A long time ago in a place far away an exceptional human became my friend. Arlene Powers has an infectious passion for living. We met when she picked me from a temp pool to work for her team of professionals. Months later we moved into different departments and then eventually left the Company, but God had glued us together forever.
I don’t recall why we both call each other Bert – it simply works for us. Though she never named it, I suspect Bert recognized I was not your average Accelerati Incredebilis. Though always strong, stable, and focused, she too was familiar with trauma.
Bert recognized the performing artist in me. She spotted the clown in me and gradually coaxed her out into the open. Regardless of my issues, she loved and respected me even when doing so was challenging. In our professional circles fractures were our secret.
Clowning was a different kind of performing art I’d ever done. Demanding far more work and commitment than I ever imagined myself getting into, but Bert was an exceptional friend – so I came to love it too.
But not like Bert did. As she typically accomplishes everything she sets her mind to, she designed and hand crafted the most stunningly, beautiful costumes for herself, her daughter and other clowns. Each one unique with lots of hidden pockets and props, they were works of fine, living art. Bert took the art of clowning to a higher level, mastering the craft and then collaborating for books about clowning, costuming and ballooning.
She is truly the Bertimus Maximus. The title probably only means something to those within the Beenie Sub-Troupe, but audiences and charities throughout the Southwest enjoyed her talents for years.
With Bert’s coaxing and coaching I went to clown camp, training, developed and copyrighted my face and costume, created props, helped develop skits and routines both solo and with other clowns. Add pantomime, juggling, face painting techniques and balloon art, we were your basic, all-purpose clowns.
Learning to juggle, focusing upon only one thing, was difficult for me. For weeks Bert taught and coached me along patiently, employing an allegory that became my mantra:
A man weighing 190 pounds had to cross a bridge carrying three five-pound boxes. The bridge could hold no more than 200 pounds.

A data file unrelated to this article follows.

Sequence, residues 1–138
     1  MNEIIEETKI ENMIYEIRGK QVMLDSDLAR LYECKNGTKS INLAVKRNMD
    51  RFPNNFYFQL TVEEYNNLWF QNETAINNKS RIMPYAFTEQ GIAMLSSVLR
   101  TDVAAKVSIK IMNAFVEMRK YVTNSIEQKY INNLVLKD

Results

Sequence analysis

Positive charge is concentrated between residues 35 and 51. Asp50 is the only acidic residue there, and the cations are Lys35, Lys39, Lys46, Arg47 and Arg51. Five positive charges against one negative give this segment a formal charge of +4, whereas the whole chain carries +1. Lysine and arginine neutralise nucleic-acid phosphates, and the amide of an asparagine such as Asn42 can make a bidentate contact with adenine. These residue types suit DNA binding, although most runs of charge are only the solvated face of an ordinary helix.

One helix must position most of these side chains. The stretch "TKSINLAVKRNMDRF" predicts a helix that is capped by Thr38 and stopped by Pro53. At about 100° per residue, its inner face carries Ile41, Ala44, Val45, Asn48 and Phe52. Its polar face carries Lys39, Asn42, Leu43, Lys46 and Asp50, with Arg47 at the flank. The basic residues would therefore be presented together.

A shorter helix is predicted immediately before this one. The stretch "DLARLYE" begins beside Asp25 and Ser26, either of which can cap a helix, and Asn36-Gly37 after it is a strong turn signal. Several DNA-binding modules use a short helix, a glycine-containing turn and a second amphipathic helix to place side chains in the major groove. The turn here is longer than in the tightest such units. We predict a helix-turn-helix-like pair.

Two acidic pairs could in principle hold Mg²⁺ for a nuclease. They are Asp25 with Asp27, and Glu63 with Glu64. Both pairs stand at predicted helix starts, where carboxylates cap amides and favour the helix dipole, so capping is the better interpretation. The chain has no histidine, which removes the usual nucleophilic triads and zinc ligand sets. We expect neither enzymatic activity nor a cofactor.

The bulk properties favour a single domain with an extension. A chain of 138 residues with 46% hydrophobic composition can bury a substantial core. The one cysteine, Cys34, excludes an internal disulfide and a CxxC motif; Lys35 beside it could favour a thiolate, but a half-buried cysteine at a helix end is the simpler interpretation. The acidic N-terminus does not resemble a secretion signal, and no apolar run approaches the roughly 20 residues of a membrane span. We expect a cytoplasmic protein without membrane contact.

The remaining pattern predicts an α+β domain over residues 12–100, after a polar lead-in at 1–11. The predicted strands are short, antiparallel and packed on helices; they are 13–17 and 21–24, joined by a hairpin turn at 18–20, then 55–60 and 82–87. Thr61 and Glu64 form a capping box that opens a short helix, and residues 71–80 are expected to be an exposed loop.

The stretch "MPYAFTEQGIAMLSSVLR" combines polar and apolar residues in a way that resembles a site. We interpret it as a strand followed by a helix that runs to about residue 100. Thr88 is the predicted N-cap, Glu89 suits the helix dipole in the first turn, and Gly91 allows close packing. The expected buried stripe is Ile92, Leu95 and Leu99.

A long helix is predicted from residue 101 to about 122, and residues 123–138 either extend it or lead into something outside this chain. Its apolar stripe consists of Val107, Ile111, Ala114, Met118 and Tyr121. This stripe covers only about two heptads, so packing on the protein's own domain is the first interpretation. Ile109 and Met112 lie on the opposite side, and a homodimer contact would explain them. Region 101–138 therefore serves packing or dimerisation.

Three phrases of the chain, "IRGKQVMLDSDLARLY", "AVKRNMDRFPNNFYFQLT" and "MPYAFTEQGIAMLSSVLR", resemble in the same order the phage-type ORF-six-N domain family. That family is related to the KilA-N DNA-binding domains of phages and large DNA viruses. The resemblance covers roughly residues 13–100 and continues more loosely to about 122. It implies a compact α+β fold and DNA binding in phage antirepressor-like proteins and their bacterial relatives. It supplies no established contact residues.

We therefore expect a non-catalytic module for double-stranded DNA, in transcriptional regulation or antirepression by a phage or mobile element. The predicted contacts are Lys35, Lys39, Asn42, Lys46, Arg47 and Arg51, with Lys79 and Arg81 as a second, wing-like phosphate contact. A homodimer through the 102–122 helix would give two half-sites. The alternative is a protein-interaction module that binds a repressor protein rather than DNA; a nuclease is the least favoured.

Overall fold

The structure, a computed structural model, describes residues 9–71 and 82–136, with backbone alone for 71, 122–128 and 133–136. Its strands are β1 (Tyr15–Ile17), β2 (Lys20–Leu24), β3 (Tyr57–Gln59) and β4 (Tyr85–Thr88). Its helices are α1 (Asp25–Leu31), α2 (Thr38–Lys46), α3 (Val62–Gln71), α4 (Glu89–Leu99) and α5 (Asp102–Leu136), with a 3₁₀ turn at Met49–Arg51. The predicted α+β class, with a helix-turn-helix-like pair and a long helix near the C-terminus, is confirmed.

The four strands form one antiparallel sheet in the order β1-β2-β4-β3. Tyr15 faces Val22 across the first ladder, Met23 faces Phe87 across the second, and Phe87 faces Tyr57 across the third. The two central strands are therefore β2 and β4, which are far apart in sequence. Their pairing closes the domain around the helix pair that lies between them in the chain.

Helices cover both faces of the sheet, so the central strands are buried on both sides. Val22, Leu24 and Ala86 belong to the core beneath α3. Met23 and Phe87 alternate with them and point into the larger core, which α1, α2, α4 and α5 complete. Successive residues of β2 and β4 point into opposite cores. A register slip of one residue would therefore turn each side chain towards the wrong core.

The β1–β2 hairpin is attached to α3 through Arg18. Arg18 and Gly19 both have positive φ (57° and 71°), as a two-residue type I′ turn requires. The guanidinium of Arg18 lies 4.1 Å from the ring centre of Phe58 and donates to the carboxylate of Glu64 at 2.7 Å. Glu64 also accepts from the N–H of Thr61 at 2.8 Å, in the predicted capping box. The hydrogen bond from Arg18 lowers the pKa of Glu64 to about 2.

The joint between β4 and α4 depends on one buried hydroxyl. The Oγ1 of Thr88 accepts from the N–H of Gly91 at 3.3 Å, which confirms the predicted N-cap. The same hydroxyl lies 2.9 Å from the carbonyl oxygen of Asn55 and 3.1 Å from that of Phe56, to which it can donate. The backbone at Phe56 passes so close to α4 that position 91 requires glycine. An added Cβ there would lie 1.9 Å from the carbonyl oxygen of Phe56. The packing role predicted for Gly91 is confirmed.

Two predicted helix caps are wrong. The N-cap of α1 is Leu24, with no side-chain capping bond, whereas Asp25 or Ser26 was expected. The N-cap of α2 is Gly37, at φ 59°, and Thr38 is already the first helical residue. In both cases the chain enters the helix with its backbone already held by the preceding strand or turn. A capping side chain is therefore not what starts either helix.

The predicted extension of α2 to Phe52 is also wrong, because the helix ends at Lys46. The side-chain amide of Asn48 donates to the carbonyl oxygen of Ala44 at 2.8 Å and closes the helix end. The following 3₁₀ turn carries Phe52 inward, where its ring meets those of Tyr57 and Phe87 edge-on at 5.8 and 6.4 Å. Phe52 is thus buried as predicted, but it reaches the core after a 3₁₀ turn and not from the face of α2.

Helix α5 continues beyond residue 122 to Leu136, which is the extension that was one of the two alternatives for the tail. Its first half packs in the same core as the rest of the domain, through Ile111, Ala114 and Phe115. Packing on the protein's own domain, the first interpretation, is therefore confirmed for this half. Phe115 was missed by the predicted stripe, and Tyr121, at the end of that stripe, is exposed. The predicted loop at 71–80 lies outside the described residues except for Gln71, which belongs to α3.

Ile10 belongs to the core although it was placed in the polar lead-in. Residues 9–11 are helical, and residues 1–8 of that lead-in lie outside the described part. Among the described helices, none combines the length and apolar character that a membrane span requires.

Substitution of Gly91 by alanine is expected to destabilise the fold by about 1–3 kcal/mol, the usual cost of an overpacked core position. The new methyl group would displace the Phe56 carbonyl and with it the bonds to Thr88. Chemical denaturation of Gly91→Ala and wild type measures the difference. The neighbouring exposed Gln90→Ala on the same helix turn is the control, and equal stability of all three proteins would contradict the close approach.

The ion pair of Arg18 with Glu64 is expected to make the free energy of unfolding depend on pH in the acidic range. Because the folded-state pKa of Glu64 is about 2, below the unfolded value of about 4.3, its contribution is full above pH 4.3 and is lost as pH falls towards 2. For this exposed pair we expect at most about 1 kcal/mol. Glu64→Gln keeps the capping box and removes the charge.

How did the man get all the boxes across in only one trip?
The answer of course, he juggled them.
For me the allegory was a life changer:
The bridge is life. The boxes are our struggles, emotions and griefs. The only way across the bridge is to juggle the boxes. We can keep them all within our purview, but we must concentrate on catching each one as it drops.
Though Bert saw what I couldn’t, I’ll never forget the look on my teacher-Bert’s face as I added a third, and then fourth Hackey Sacks to my routine. She radiated the joy of accomplishment for us both.
I imagine that’s how God sees us; laughing with us when we’re just plain silly, and practicing our way through our challenges. Bert also coached me as I juggled my gushing thoughts and overwhelming feelings.
I gave up the Hackey Sacks, Nerf balls and rubber pet fish, but juggling became my personal foundational skill. While I occasionally drop some of my stuff along my way, I learned to keep the boxes moving.
I’m frequently thankful most people can’t see feelings and confusion, but Bert can.
Though I stopped performing publicly after a couple of years, Annie Roo became the biggest part of me. Over the years I became grAnnie Roo to my nieces and grandchildren. Bert remains the Bertimus Maximus and still creates beautiful art, mostly of birds and donates all proceeds to bird sanctuaries. She’ll tell you she’s just doing important Bert things.
I have a living example of God’s delight in me, illustrated in Bert’s face as I jump the next hurdle, master the next challenge.
To my eternal friend, Arleenie “Bert” Beenie.
“The Lord hears his people when they call to Him for help. He rescues them from all their troubles. The Lord is close to the brokenhearted; He rescues those whose spirits are crushed.” Psalm 34:17, 18 (NLT)